To me normal either means the normal, that is perpendicular, to a surface or curve, or a function that is normalizable, that is, has finite area. There: simple testable rule/principle. And norm only makes sense in those terms. 

On which azimuth, I ran across an article [Link] on the “Convergence” of the Linux desktop. I read this article because my outlook on the Linux “Desktop” is rather normal to convergent, in the orthogonal sense, that is. If I compare Gnome 3, Unity, KDE, XFCE, and LXDE, among others, I don’t see what I consider to be convergence. Turns out the use of the term is worse than that, rather misusing the term desktop, to include slabs as well as boxes. 

Stercus Tauri. And not very respectfully. I am not given to abiding ferds nicely. And this is very ferdish

First of all, I don’t like the association of desktop with computer device. What is on my screen is not a desktop. For one thing, it isn’t big enough (even with a 24 in screen) nor, and most importantly, it isn’t horizontal. My desktop is the top of my desk, it is horizontal and it is about five ft by three ft. And I put physical objects on it. None of that applies to my deskbox. Which is why I call it a deskbox. And because it is a bunch of boxes: CPU/RAM/HD box; screen box; key box; mouse box;….. Similar for a lapbox. And I have a ‘smart’ cellular telephone that is smart in the sense of unpleasant neural sensation. And I have recently purchase a tablet, which is not in the sense of oral medication, but is commonly used in the sense of a bit of rock with symbols incised. Which is another horrible metaphor but that’s what happens when we let bogs name things.

Not that geeks – especially – or nerds are really any better, just different. And we nerds at least declare – strongly – when we are going to name things ridiculously. 

But this “Convergence” thing is evidently the idea that we are going to use the same OS and GUI on all of I visual information presentation devices. That is, boxes and slabs. And maybe the electromagnetic audio-visual receiver? And that idea is rot. As I have been saying for quite a while. So reading an article that says this is important to Linux is essentially impossible because the thesis is so flawed as to be unsuspendable. So the article is bad fiction. 

I do not make phone calls on my boxes. I do spreadsheets on my boxes. I do calculator on my phone slab. I do word processing on my boxes. I don’t on my phone slab. Simply put I don;t do the same things on slabs as I do on boxes. And visa versa. About the only thing I do on all of them is check email and maybe use a browser. Bog things.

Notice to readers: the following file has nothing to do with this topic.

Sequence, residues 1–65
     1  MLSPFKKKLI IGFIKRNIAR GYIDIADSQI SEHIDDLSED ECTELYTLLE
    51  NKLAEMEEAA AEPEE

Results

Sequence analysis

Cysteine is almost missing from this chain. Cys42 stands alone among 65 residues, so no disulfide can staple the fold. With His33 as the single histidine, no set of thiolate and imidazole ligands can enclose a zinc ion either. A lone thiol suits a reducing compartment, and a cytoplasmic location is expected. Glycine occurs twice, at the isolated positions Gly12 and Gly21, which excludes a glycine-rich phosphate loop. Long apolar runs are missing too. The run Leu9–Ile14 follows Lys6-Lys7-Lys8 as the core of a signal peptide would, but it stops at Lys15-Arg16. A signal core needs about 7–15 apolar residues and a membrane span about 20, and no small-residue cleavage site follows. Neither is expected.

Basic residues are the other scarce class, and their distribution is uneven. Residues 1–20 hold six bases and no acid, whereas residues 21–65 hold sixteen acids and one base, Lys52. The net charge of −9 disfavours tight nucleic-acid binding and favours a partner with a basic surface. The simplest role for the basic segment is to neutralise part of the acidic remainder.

But I use different email clients on the boxes and slabs. Because I can’t use Thunderbird on my slabs. And since I have bought a tablet I have found that the email client I use on my phone won’t work on my tablet. That doesn’t mean it won’t execute; that means it won’t work. It’s a thermodynamic thing. Like a free expansion. The code/app/client runs but no work gets done. But I have found that an email app that didn’t work on the phone does work on the tablet. 

Another bit of data that indicates – consistently – that the different visual presentations are not the same and that “Convergence” is a bunch of corporate propaganda. And the corporate bull has been fed too much stool softner. 


Not a bad morning so far. The gym was only moderately crowded and the weight bouncers were only moderately harassing and intimidating and the educationalists were actually rather restrained. The only negative, per se, other than the non-absence of the previous two categories, was the podcast, an episode of the CBC’s “Best of Ideas” about Moses Znaimer’s ‘Ideacity’. [Link]

‘Ideacity’ is a technology (???) conference that bills itself as TED for Canadia. It live up to that if TED stands for ‘Technological Entertainment for Dummies’, which is what the American TED conferences are, a bunch of bogs and not-quite-geeks trying to be nerds. And failing. 

This episode definitely obeys Sturgeon’s rule squared: 0.99 crap. In the duration of podcast I heard exactly one accurate thing – the issue of big data, corporation, and individual privacy – and a lot of blatant inaccuracy. And that’s across three presentations. The one with the robot loaded with a human was egregiously a failure. Makes me hope that I just die and turn to goop. Easily the most horrible representation of Singularity I have experienced.